This past weekend , I fell in love with Jean Cocteau.
I've always been infatuated with him, frankly. His film Orpheus (1949) is one of my all-time favorites; Beauty and the Beast, too, is a wondrous achievement. I had the opportunity to go back and take a look see at the other two films in the Orphic Trilogy (The Blood of a Poet (1930) and The Testament of Orpheus (1959)) and they are truly amazing and should be of great interest to poets as well as film buffs. The dvd versions I took out of the library had some first-class extras; in the case of The Blood of a Poet, the biographical documentary Autobiography of an Unknown, directed by Edgardo Cozarinsky, accompanying the main feature was every bit as entertaining, putting Cocteau's life and career in perspective with heavy doses of the lyric surrealism that infuses all his work. I actually enjoyed it more, it has a polished feel as a documentary that somehow Blood does not have as a film. In many ways, The Blood of a Poet is an early rehearsal for Orpheus; I would actually recommend watching the later first, though it comes "second" in the trilogy. This is not to detract from Blood: it is excellent.
Similarly, The Testament of Orpheus is something of an anomaly as a film. It might stand alone without Orpheus yet it is greatly enhanced by it. It is Cocteau's farewell to film and he gathers together his previous motifs, characters and even actors who played various roles to make his final artistic statement in the medium. There is much humor here; Cocteau himself becomes the main character in the film, a sort of time traveling Orpheus, stuck in modern times. It is nearly as good as Orpheus and a beautiful chronicle of the poet's journey. Another interesting extra is Villa Santo Sospir, which is a 16mm color film shot by Cocteau at the summer home of a friend. It has the feel of a combination home movie and travelogue and focuses almost entirely on the house, which Cocteau painted inside and out with his unique artistic creations, making it a work of art in and of itself. It must be seen to be believed. Here's a brief glimpse to get the flavor:
Sticking with the theme of the artist, a clip of the always provocative, incredibly original Harlan Ellison is making the rounds about the need for a writer to be paid for her/his work. Check it out:
There is, of course, no small irony that the circulation of this clip, an excerpt of the film Dreams With Sharp Teeth, is, perhaps, violating the very principle he so passionately (& profanely, bless him) espouses. So, that being said, the above is being passed along in the interest of the greater good, if there be such a thing.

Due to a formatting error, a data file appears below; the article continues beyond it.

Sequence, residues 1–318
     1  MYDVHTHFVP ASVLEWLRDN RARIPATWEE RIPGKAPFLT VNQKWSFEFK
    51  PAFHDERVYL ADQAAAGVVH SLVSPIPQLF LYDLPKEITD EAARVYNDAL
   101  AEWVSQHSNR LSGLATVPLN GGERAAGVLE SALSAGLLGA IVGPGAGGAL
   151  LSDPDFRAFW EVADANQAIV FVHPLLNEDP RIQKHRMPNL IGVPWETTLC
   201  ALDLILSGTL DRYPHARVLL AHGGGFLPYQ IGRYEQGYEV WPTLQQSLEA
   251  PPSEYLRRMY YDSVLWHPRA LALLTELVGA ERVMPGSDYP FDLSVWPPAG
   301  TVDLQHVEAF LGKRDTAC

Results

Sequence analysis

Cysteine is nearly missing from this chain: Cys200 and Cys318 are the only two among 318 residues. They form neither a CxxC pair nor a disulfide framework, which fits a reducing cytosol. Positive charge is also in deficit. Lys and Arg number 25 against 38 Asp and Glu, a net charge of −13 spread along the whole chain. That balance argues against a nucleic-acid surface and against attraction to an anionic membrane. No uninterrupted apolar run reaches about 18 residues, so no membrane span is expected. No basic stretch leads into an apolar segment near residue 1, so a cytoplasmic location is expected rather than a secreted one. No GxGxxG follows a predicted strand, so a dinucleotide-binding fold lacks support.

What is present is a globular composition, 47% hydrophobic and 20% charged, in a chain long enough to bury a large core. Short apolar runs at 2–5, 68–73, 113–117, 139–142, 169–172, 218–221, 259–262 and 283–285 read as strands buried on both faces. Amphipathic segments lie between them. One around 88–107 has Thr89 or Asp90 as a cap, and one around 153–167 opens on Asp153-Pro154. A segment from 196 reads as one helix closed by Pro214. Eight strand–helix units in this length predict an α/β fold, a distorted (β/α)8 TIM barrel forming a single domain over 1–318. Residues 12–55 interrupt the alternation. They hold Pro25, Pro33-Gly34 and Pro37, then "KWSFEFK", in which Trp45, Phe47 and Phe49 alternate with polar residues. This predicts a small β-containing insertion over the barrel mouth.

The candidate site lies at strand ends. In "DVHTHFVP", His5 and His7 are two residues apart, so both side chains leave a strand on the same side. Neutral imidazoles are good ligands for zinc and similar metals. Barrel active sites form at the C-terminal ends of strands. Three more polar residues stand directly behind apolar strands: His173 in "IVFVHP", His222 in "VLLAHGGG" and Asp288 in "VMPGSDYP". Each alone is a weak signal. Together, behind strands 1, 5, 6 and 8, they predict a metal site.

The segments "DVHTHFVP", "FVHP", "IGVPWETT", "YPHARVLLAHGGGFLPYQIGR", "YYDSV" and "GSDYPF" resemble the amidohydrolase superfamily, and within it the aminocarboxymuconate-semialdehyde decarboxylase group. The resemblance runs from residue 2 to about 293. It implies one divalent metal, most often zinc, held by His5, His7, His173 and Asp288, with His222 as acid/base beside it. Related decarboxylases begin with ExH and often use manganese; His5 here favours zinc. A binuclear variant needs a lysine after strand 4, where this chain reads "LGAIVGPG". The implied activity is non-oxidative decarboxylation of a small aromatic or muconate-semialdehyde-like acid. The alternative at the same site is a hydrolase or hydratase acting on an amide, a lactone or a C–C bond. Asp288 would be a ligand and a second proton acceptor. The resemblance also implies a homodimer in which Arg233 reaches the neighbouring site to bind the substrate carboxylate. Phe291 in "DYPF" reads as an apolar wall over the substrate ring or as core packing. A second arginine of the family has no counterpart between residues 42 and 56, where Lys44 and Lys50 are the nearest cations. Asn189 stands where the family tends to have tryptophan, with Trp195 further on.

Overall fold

And, yes, Lilliput being the micropress mag that it is, can only pay in the bane of the poet's existence, contributor copies. Sigh. The layers are thick.
Let the beatings begin.
Before getting to the Lilliput samples, one final bit of news. Longhouse Publishers of Vermont has issued a number of Cid Corman related items, including a new selected poems, The Next One Thousand Years, which I can't wait to see. Bob Arnold of Longhouse has sent along two of his delightful slip card productions of works by Cid: a Rumi translation ("What can I do - friends?) and a work entitled New Proverbs. Here are two from the master, resonating as his work always does:
yields as much.
Don't ask more of yourself
than the mirror does.
Continuing with the theme of the artist's plight and segueing from Wayne Hogan's beautiful cover above, here is the man himself, this time wielding the written word to speak, as always, directly to the point. From #97:
How To Be An Artist
Save all your
string. Save all your
empty paper cups.
Save all your missing socks.
Save all your wasted
words. Save all your Indianhead
nickels. Yes, especially
your Indianhead nickels.
Regarding This Poem
The idea was to put
together as one compelling
composite all those parts you
said you particularly liked from
poems of mine you rejected over
the years but on second thought
would the conglomeration work as a
whole and besides you have a ten
line limit but don't think
that I haven't noticed
after long work
and a dove
cut a pale sky.
A second dove
nowhere in sight,
the world is still
too dark. We must
(shaken like a rattle):
shoehorn, stubby pencil,
Till next Thursday,
PS Don't miss Alicia Ostriker's devastating poetic observation of the American psyche, Fix, on today's The Writer's Almanac.